Streetbuzz Interview

May 28, 2005

Erica Kay: Activist!
Lives in Seattle,Washington, USA.


Erica Kay

STREETBUZZ: Erica, when and where were you born?

ERICA KAY: University Hospital Seattle, Aug 1956.

STREETBUZZ: How was your childhood?

ERICA KAY: I'm still in it (laughs.) I had one (childhood), I had two brothers and we grew up. I moved to California sometime before I remember and spent most of my childhood in San Jose, California. Pretty boring, normal (middle class) upbringing. We lived on a cul-de-sac with other kids until I was in 6th grade and I was pretty oblivious.

STREETBUZZ: And how about school?

ERICA KAY: I went to a fun school in Campbell, California, until sixth grade, (where I) knew all the kids. Hung out with the same kids, played in backyard, I liked school. Seventh grade to Berkeley for a year, 1969 during Peoples Park, that was life changing. Returned to San Jose, started getting involved in things.


ERICA KAY: I started becoming aware of environmental things, read Rachel Carson's Silent Spring. I just did more things and read more about the antiwar movement and those kinds of things. But I was still kind of a nerd. Mostly that I was very focused on school and liked it, let's just say I was very academic.

STREETBUZZ: And after high school?

ERICA KAY: I continued on my mostly academic track, I went to Berkeley and then University of Washington where I spent 8 years getting my PHD in biochemistry. And then I left biochemistry and became an activist.
Mostly antiwar / 1986. simple stuff, biggest thing was working full time on an event called Give Peace A Dance, raising money for primarily for SANE/FREEZE, antinuke stuff. It was such a wonderful event, it had everything that appealed to me. It was 24 hours of dancing, with people. Which I love. It brought people from lots of different interests and groups together to have fun, to think about peace, to feel activated, and to raise money. For the ongoing work. It was a good entry into activism for myself and the thousands that participated the six to seven years that I worked on it.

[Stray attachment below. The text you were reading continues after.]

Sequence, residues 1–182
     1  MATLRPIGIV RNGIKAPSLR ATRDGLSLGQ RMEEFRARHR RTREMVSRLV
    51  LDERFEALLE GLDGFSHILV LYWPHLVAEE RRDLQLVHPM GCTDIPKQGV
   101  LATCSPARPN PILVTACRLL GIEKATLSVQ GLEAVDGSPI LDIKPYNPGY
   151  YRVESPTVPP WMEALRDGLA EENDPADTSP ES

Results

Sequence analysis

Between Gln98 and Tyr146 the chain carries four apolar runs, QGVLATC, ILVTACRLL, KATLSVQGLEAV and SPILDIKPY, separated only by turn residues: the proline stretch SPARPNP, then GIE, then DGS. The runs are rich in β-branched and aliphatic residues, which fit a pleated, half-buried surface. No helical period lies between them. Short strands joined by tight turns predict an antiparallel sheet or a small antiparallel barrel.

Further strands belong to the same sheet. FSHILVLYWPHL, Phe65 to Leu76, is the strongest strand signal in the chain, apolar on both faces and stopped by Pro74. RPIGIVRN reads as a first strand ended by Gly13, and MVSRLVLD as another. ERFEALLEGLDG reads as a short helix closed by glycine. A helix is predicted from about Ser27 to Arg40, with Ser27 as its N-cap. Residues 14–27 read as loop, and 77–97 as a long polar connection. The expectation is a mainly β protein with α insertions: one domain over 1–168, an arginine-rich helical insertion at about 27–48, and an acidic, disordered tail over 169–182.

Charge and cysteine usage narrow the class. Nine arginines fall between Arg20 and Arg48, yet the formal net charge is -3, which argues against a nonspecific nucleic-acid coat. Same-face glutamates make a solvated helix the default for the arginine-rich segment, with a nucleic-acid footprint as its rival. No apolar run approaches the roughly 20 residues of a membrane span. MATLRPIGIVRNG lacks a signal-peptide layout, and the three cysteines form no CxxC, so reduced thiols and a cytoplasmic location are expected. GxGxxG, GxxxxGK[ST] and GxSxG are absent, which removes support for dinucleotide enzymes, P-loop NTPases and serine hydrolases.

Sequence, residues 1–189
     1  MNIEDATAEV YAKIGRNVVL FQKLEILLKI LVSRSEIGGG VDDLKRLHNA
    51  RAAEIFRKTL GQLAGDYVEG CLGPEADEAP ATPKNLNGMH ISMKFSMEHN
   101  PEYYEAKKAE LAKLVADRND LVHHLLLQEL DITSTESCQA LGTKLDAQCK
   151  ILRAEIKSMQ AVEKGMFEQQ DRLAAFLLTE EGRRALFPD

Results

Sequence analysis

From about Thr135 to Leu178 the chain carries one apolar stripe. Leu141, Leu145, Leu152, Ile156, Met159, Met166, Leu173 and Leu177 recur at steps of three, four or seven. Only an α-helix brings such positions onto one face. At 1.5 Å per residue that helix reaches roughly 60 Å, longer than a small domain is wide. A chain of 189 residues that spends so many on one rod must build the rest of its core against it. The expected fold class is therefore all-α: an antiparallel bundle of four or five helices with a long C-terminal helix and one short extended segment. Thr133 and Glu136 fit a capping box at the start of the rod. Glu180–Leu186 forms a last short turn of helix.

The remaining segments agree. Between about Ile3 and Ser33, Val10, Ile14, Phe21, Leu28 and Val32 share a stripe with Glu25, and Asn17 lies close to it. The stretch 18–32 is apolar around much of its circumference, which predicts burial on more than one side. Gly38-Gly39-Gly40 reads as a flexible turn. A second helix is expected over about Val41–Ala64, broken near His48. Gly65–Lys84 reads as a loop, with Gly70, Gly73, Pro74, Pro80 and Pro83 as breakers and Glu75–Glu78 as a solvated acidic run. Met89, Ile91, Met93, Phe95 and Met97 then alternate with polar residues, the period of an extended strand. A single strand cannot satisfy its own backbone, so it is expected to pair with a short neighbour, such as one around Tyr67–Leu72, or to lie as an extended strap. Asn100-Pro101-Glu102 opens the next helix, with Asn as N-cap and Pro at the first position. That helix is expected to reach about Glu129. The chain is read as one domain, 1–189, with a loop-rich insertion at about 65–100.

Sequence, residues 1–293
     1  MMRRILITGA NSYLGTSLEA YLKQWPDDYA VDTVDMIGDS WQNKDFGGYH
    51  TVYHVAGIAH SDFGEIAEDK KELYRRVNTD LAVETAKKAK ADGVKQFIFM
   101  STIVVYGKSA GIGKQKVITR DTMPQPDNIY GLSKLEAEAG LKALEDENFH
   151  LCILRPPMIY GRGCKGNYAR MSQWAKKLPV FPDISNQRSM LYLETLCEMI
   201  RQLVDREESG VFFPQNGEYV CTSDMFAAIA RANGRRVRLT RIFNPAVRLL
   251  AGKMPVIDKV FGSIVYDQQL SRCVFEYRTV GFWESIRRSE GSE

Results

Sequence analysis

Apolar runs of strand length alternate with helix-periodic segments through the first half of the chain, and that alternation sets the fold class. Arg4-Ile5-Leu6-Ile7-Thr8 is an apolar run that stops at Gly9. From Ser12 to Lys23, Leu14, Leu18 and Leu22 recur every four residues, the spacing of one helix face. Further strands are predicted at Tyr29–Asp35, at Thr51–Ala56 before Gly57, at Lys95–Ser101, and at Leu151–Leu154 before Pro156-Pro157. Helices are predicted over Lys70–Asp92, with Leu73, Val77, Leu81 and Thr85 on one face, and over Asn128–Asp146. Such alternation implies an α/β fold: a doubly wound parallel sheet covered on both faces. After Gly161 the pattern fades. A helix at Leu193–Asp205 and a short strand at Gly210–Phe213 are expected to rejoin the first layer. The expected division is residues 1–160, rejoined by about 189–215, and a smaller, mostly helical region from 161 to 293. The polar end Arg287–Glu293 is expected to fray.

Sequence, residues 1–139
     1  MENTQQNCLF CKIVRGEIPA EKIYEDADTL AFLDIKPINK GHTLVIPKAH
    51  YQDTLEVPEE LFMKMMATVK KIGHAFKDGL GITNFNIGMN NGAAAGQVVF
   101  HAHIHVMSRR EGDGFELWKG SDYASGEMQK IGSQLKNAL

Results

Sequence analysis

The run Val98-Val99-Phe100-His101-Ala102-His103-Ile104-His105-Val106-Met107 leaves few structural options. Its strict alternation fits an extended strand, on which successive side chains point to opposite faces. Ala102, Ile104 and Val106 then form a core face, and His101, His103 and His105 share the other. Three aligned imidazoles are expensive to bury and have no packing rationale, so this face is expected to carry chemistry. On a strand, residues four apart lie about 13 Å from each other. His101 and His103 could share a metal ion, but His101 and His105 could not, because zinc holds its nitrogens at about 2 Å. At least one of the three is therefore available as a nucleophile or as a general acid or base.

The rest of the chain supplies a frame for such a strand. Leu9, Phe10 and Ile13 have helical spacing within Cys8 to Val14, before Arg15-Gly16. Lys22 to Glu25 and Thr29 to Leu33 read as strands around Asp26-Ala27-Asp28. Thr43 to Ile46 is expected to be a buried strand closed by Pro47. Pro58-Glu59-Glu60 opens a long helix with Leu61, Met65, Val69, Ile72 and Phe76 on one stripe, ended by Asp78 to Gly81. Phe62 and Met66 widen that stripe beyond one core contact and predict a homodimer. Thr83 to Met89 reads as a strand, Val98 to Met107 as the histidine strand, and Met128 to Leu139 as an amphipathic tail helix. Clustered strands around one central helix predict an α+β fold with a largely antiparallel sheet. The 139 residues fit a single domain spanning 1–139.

ERICA KAY: I started getting involved in more direct activism. My early interests in environmental concerns re-entered. I also started working in a different arena. Health promotion, health research. I started working with small groups on nonviolence, NACC, and became a nonviolence trainer, which I still love to do. And I started supporting small direct actions. Probably the highlight of that era, was working with all the incredible people in 1999 who created the WTO protests and associated actions. The activist resource center CAN that I had been a part of, was pivotal in that organizing, it was so great having so many people coming from outside to use the space as resources, that was always the idea behind our organization.
So now, having left environmental issues and the woods, AIDS, civil rights issues, all of which I worked on at times, now I'm working on a project or two, trying to educate people in the US about Israel and Palestine. In particular, about the wall, that Israel is building in Palestine.

Erica Kay

STREETBUZZ: Please talk about this wall project.